The year before last, I stood before more than 10,000 women at T.D. Jake’s “Woman, Thou Art Loosed” conference held at The Potter’s House in Dallas, TX. Bishop Jakes had invited me to give my personal testimony about depression and to discuss my book, Black Pain: It Just Looks Like We’re Not Hurting, which he had previously endorsed. Telling a room full of women of God that adding a therapist to the mix may be an answer to addressing some past or current trauma was a bit intimidating. Thank God for Bishop and First Lady Jakes who understand that God works through people, and that faith and therapy are not mutually exclusive.
I, myself, did not know this until I was laid low by the disease of depression. It was only then that I fully began to understand the power of God and his ability to not only place angels in our lives (like my therapist), but to bless our giving ten-fold, and to help us identify and embrace our true mission.
It was the largest crowd I had ever spoken before and it was a transformative moment in my life. I was also a long way from being the little girl whose feet had swung precipitously from a pew at Macedonia Baptist in Mt. Vernon, NY years earlier. Speaking at The Potter’s House showed me that the foundation for my ongoing healing began there in that pew. It has served me well all these years, and led to success in many areas. Most importantly, the overwhelming and positive responses, and stories by letter and email that I received following the Potter’s House presentation, validated the fact that my work as a servant of my true mission — working as a mental health activist, particularly on behalf of the African-American community — is a blessed one.
We often get caught up in the fun activities of life as the weather breaks this time of year. It might be finding the perfect Easter dress, a night on the town with friends, or a well-deserved vacation. These are good, healing things. However, they pale in comparison to what we must do — fully remember Jesus’ resurrection, and to identify and follow his vision for our lives with high enthusiasm, gratitude, and action. His living mission and his death are our reward. We owe it to ourselves and our communities to use this time of year to re-commit ourselves to doing God’s work, daily. We must leave our own tombs of mundane activities, doubt, and fear. We must know that we can be restored and rise above what’s not working and be transformed into a force for good. It is a time to recommit and practice the presence of spirit in our lives. We must at all times know that everything works according to God’s plan.
I am so blessed that my faith grows stronger every day. My journey to-date has allowed me to know these four things for sure:
1. Identifying your mission is what will free your life, and from which all blessings will flow. We are all given a gift, a true mission for our lives. Finding it, embracing it, and using it for good is the only thing that will truly bless our sojourn with God.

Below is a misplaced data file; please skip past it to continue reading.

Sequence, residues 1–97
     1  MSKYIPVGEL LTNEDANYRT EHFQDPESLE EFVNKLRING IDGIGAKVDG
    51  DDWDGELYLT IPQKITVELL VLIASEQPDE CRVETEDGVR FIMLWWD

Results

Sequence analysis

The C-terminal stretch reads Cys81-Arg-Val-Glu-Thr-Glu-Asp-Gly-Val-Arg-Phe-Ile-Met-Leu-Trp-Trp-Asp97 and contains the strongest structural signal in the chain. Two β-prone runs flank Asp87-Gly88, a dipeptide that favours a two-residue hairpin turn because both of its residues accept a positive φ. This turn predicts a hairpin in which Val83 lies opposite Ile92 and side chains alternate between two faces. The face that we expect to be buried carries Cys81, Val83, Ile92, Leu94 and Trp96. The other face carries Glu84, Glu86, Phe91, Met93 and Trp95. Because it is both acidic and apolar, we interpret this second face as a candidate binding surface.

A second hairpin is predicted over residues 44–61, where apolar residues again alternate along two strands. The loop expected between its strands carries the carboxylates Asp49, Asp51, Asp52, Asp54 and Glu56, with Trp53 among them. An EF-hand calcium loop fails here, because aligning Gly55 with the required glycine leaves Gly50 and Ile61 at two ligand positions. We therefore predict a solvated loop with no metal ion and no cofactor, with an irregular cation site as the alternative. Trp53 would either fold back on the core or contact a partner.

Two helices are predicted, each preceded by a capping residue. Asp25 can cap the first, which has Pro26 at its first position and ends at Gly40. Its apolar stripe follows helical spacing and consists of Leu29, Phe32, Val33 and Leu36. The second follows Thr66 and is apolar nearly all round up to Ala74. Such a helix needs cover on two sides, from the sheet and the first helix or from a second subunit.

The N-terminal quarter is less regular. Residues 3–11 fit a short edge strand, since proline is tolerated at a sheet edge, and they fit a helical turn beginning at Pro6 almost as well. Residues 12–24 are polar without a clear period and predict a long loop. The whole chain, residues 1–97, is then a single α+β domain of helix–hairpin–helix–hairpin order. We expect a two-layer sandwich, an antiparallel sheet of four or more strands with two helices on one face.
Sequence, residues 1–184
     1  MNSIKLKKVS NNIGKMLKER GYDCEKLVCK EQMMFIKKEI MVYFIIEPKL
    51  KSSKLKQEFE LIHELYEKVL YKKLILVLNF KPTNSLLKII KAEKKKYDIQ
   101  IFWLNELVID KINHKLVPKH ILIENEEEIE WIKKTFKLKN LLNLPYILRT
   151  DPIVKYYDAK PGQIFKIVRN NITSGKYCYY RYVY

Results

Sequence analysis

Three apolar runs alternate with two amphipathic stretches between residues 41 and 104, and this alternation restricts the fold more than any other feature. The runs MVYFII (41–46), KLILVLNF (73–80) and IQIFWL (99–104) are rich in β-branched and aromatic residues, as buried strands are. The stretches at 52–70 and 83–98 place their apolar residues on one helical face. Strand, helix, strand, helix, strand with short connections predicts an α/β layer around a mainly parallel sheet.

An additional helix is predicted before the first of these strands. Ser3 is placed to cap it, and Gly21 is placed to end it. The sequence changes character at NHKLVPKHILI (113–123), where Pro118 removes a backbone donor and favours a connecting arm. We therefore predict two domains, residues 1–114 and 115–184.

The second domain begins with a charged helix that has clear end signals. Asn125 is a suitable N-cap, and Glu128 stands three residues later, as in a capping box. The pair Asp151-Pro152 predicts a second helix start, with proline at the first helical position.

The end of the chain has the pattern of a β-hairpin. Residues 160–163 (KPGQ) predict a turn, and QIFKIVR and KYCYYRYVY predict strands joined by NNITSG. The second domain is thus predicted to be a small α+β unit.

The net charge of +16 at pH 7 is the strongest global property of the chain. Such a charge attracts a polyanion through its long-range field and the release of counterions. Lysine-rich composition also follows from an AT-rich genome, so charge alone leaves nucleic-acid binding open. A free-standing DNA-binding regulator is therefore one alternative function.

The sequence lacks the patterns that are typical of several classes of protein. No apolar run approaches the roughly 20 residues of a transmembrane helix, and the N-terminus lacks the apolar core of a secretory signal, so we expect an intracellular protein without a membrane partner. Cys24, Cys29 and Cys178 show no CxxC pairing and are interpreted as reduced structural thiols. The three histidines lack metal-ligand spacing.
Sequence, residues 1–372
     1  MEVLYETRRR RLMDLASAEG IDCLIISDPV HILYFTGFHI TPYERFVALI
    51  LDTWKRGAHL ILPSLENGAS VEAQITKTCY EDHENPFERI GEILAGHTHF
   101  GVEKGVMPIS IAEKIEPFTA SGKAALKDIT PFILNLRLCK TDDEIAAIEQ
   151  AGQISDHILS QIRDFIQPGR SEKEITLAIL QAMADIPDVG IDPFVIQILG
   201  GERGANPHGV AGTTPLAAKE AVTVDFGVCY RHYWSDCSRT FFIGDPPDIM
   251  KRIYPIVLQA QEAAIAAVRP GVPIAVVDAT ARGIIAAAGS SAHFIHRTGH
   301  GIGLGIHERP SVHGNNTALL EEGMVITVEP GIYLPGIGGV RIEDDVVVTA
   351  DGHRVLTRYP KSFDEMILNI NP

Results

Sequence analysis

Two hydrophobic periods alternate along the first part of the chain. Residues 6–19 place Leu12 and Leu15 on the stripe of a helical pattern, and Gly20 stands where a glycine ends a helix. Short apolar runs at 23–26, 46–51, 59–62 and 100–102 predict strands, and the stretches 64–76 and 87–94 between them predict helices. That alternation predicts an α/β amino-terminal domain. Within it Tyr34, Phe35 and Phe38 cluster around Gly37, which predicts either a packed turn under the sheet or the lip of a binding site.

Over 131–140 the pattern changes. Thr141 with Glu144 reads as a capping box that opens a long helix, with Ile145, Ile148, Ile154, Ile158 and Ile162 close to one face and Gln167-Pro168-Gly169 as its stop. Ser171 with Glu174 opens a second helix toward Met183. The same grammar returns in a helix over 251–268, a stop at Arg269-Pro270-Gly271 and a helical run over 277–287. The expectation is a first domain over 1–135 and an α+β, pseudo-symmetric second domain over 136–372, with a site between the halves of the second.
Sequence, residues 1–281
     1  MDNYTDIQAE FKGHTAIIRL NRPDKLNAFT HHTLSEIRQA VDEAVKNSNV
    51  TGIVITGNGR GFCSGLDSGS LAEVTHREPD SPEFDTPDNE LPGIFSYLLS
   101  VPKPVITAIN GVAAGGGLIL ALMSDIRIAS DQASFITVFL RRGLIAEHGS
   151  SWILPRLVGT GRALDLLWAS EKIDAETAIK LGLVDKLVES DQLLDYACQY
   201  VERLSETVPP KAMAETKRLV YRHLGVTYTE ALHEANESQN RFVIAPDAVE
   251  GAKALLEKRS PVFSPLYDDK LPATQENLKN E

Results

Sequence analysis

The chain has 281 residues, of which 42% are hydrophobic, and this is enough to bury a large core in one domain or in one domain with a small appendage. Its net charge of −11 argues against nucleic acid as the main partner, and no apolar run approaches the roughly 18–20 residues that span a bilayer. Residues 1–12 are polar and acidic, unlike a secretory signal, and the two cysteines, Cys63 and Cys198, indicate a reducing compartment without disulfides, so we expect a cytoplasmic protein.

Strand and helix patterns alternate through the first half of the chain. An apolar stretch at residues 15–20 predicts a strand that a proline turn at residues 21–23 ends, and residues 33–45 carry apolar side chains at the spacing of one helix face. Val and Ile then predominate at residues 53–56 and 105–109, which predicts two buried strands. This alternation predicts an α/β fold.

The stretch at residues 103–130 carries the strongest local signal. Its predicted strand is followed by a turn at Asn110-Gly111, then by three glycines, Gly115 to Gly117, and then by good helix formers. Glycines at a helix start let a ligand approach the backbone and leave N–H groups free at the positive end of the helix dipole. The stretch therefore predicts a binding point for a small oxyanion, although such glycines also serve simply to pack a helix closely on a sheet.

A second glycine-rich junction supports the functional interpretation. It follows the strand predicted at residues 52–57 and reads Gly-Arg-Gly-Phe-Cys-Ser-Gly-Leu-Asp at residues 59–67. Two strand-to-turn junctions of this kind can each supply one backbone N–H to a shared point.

2. Talking to God helps and how you pray matters. Now, I talk to God out loud in my car, in the elevator at work, in the bathroom. I was embarrassed about that before, but not anymore. It works. l also go to a prayer service every Tuesday and I am always inspired by what people are praying for and why. These are teachable and learning moments, and help me speak in a way that I know my true prayers are being heard. You have to keep it real and honest with God if you want prayer to work.
3. Charity, in all its forms, comes back ten-fold. No matter how small — a mere smile, a word, a gift — a kind gesture can transform another person’s spirit. There are eight million stories in just New York alone, and so many of us are without love, joy, friends, or family. When you do something for someone else, it is a renewal for them and for you. You will be amazed at how the blessings flow; and finally,
4. God sends angels and surrogates to help through this journey. My mother was my first, followed by a hosts of aunts, sister friends, co-workers and strangers, pastors, and, yes, therapists.
My mother is 80-years-old now and in the early stages of Alzheimer’s. Though I know she has lived a fruitful, God-fearing and giving life, it is heartbreaking. This Sunday, we will spend another Easter together. I will, at times, have to remind her of the many wonderful things about her journey, as I continue to reflect anew about my own.
May God bless and keep you all.
Terrie M. Williams is a mental health advocate, author of ‘Black Pain: It Just Looks like we’re Not Hurting,’ and the co-founder of The Stay Strong Foundation. You can follow her on Twitter at @terriewilliams.